[Ann] marching-cubes


I’ve released the marching-cubes library on Hackage today. Here is a repository containing some examples. The marching cubes algorithm is used to construct 3D isosurfaces.

Would you know why the Github actions of this repository are unable to build OpenGLRaw?


The logs say:

OpenGLRaw                    > Cabal-simple_SvXsv1f__3.6.3.0_ghc-9.2.5: Missing dependency on a foreign
OpenGLRaw                    > library:
OpenGLRaw                    > * Missing (or bad) C library: GL
OpenGLRaw                    > This problem can usually be solved by installing the system package that
OpenGLRaw                    > provides this library (you may need the "-dev" version). If the library is
OpenGLRaw                    > already installed but in a non-standard location then you can use the flags
OpenGLRaw                    > --extra-include-dirs= and --extra-lib-dirs= to specify where it is.If the
OpenGLRaw                    > library file does exist, it may contain errors that are caught by the C
OpenGLRaw                    > compiler at the preprocessing stage. In this case you can re-run configure
OpenGLRaw                    > with the verbosity flag -v3 to see the error messages.

That means that you need to install the libgl-dev package (that is the name for Ubuntu/Debian). Although I don’t know how to actually do that with GitHub actions.

Thanks. I try with sudo apt-get install --yes libgl-dev. Maybe this will work, but with the Ubuntu OS only of course.

The installation of libgl-dev has worked! But there are other missing libraries, I’m currently trying to install them.

That said, this is for Ubuntu only. How to do for Mac and Windows? Here is my yaml file:

name: Stack-nightly

    branches: [main, master]

          - ubuntu-latest
          - macOS-latest
          - windows-latest

      fail-fast: false

    runs-on: ${{ matrix.runner }}

      - uses: actions/checkout@v3

      - name: Install libgl
        run: |
          sudo apt-get install --yes libgl-dev

      - name: Install mesa-utils
        run: |
          sudo apt-get install --yes mesa-utils

      - name: Install freeglut3
        run: |
          sudo apt-get install --yes freeglut3-dev

      - uses: freckle/stack-action@v3

      - id: stack
        uses: freckle/stack-action@v3
          stack-arguments: --resolver nightly --copy-bins --coverage

      - uses: actions/upload-artifact@v2
          name: coverage-report
          path: ${{ steps.stack.outputs.local-hpc-root }}

Actually the installation works on Windows, but there’s an issue with one of my own modules:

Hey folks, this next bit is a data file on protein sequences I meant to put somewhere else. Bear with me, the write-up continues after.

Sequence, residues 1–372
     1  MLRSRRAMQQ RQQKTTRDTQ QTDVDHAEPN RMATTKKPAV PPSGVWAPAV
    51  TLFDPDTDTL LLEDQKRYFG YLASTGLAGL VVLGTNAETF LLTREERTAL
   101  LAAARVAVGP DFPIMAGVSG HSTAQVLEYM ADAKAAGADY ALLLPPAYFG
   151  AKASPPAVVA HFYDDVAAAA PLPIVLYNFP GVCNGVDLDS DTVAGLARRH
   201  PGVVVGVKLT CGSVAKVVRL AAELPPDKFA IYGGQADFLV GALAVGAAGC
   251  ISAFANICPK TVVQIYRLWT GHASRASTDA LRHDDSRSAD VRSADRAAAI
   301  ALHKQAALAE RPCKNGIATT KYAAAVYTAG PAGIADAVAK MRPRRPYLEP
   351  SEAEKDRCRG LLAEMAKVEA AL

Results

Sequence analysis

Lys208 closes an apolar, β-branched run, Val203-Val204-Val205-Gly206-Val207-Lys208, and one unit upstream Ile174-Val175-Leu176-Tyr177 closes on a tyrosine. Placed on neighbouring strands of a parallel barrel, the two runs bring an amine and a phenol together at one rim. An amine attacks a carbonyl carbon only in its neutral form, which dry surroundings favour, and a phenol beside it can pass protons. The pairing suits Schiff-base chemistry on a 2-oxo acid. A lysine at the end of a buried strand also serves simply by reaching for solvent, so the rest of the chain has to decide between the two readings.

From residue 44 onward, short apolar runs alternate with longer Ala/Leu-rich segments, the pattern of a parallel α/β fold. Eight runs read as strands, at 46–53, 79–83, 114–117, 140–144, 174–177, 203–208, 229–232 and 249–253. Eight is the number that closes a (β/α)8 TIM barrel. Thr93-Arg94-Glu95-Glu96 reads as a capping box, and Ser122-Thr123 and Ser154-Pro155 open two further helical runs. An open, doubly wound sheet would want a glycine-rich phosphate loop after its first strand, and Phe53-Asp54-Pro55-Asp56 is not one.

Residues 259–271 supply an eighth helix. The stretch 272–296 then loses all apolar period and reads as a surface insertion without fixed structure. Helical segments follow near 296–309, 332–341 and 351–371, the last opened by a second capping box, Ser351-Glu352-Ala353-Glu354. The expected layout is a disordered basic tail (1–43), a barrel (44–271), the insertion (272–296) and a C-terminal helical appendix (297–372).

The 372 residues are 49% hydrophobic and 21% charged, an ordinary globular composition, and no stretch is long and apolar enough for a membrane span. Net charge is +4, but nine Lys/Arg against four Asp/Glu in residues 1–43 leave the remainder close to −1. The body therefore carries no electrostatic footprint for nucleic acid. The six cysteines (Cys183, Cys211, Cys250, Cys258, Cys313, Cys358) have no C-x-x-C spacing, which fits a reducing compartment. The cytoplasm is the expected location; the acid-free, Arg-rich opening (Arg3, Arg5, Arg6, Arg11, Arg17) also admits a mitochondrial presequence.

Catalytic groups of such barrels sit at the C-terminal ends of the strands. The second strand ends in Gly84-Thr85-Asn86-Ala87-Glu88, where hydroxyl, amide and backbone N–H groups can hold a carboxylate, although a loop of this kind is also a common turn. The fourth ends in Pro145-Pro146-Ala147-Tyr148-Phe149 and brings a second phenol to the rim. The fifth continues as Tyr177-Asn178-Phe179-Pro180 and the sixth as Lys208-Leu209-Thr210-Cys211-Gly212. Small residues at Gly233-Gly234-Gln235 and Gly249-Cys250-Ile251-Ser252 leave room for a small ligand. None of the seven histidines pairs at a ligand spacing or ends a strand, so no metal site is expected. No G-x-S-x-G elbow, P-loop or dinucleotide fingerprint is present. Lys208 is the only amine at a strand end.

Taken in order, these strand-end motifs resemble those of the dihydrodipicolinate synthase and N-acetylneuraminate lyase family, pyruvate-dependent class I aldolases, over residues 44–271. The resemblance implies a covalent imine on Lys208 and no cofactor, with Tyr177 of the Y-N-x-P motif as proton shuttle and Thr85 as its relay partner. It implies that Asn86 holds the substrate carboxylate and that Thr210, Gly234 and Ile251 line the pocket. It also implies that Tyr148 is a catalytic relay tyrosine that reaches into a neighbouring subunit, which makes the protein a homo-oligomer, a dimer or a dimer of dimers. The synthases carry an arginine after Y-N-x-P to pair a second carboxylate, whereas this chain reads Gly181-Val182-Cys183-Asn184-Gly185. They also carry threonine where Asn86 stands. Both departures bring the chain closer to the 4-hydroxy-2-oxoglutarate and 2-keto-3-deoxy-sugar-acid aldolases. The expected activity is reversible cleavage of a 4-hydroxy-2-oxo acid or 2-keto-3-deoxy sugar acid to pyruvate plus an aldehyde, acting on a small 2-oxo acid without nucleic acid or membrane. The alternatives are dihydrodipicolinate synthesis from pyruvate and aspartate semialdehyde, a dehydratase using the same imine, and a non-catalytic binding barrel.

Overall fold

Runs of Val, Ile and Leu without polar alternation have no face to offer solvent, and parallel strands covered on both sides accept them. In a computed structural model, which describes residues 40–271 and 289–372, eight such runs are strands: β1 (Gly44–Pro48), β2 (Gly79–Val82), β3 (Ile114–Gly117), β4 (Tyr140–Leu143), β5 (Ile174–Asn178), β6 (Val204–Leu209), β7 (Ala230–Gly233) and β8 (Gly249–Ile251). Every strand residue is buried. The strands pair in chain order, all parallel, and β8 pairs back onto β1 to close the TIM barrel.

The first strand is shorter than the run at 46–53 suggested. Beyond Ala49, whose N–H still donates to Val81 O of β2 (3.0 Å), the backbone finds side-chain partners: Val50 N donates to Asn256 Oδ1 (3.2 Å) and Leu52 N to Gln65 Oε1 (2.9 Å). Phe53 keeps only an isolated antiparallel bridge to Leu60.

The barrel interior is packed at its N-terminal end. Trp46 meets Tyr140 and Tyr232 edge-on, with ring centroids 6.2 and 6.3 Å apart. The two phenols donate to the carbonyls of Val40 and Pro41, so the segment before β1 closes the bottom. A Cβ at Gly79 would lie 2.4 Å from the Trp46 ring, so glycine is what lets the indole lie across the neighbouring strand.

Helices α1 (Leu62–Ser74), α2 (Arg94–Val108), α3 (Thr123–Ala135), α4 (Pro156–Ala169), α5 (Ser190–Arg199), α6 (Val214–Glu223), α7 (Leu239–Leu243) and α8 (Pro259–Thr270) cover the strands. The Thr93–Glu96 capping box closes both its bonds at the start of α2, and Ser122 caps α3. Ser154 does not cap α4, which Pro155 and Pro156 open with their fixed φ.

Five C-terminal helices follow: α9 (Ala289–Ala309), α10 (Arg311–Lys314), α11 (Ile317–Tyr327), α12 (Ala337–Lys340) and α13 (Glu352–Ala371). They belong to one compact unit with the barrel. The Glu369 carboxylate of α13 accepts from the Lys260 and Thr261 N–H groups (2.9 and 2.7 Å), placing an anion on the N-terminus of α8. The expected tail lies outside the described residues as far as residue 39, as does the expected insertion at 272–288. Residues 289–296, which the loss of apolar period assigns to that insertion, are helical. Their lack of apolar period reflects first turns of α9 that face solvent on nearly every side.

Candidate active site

src\Colors\ColorRamp.hs:16:1: error: [-Worphans, -Werror=orphans]
    Orphan instance: instance Unbox a => Unbox (Color4 a)
    To avoid this
        move the instance declaration to the module of the class or of the type, or
        wrap the type with a newtype and declare the instance on the new type.

I never knew how to deal with the “orphan instance” warnings. Would you know? Otherwise, how to change the ghc options in order that it doesn’t throw an error for that?


I found a solution. I put

{-# OPTIONS_GHC -fno-warn-orphans  #-}

at the top of the file.

I use Nix to avoid this kind of problem. You will probably either love or hate it. Here’s an example:

Note that if you have a flake.nix people could run examples from your repo without worrying about dependencies at all with the nix run command like:

nix run git:stla/isosurfaces/OpenGL .#Invader


nix run git:stla/isosurfaces/OpenGL .#Goursat

and a good way to see if it Nix might be right for you (or not) is to go through:


Thanks, that looks amazing. I will take a look more carefully.


Very cool! I always wanted to implement the marching cubes algorithm - I know it would make 13-year-old-me very happy if I ever get a time machine!


I’m going to release marching-cubes2. It is better.


I saw you made another thread for that. In the future, please note the “custom” here would be to just bump the existing thread for such a release.


The “best” solution is to upstream the instance to the package which either declares the class or the data structure. When that’s not possible, some people create an intermediate package whose entire job is to provide these instances.


Is this true? I tend to make a new discussion for all new release of my packages, rather than having one thread per package.


Well in this case, one thread was made only three days after the other. If there was say a six month interval or more, then maybe a different choice would have made sense. Here, one thread hadn’t even fallen out of the top five before the next was made!